En­gag­ing in out­door ac­tiv­i­ties is a trend now — it looks cool and once you have mas­tered the es­sen­tial skills, you can spend your week­ends do­ing some­thing re­ally dif­fer­ent from the usual stuff such as din­ing out or watch­ing a film. It’s a to­tally new worl

China Daily (Canada) - - FRONT PAGE -

Wang Hengx­uan,

a Shang­hai

teenagers come to the park. The mar­ket is boom­ing. I don’t even need to ad­ver­tise about the pro­grams I have — those who have par­tic­i­pated in my ac­tiv­i­ties soon tell their friends about it and they bring more par­tic­i­pants the fol­low­ing week­end,” said Sun.

Fur­ther­more, peo­ple are be­gin­ning to re­al­ize the pos­i­tive im­pacts that such ac­tiv­i­ties can have on their health and well be­ing, and have been ea­ger to keep in shape, added Sun.

Tian Deyi, who had taken his son bik­ing on a hill in sub­ur­ban Hangzhou, Zhe­jiang province, is sup­port­ive about his child’s pref­er­ence to spend time out­doors in­stead of in­doors.

“I am more than happy to take him out cy­cling or try some­thing that can get him closer to na­ture. It helps to build up his mus­cles and it’s much bet­ter than play­ing com­puter games at home,” said the 37-year-old Shang­hai res­i­dent.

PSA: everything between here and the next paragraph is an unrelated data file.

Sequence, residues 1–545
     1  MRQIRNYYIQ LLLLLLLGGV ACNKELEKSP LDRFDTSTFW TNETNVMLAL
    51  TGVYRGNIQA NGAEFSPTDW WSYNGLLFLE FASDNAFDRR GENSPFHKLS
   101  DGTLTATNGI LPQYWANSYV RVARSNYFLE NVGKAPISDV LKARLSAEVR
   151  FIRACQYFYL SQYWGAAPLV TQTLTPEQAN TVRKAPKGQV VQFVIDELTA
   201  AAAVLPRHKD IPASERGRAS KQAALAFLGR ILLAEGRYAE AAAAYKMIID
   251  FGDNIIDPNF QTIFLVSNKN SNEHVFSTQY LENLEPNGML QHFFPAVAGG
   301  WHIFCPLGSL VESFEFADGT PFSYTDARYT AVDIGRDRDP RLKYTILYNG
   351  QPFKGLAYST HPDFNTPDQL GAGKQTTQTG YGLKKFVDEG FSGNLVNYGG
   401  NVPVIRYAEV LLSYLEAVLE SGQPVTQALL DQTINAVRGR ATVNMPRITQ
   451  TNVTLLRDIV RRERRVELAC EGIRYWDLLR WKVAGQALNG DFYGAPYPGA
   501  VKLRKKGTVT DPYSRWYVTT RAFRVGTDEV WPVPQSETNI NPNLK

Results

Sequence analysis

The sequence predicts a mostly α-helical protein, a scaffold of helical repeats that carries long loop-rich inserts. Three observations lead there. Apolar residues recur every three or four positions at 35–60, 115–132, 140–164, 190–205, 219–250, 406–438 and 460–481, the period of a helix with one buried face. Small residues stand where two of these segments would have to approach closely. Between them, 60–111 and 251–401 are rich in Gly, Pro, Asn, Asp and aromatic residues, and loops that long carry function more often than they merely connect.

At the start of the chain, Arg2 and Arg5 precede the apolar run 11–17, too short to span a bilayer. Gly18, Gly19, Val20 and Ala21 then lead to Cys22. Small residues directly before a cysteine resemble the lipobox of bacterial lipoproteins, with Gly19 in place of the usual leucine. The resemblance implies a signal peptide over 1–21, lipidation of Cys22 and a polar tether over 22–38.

“I love watch­ing tele­vi­sion pro­grams, es­pe­cially doc­u­men­taries about out­door ac­tiv­i­ties such as trekking, bik­ing and rock-climb­ing. I am a huge fan of Bear Grylls and his Es­cape From Hell show, though I don’t think I would let my son eat worms like Grylls did in the show,” Tian quipped.

BY PRODIGY FOR CHINA DAILY PHOTO

Out­door equip­ment mak­ers have ben­e­fited from the ris­ing pop­u­lar­ity of out­door ac­tiv­i­ties. The in­dus­try grew 11.28 per­cent year-on-year in 2014.

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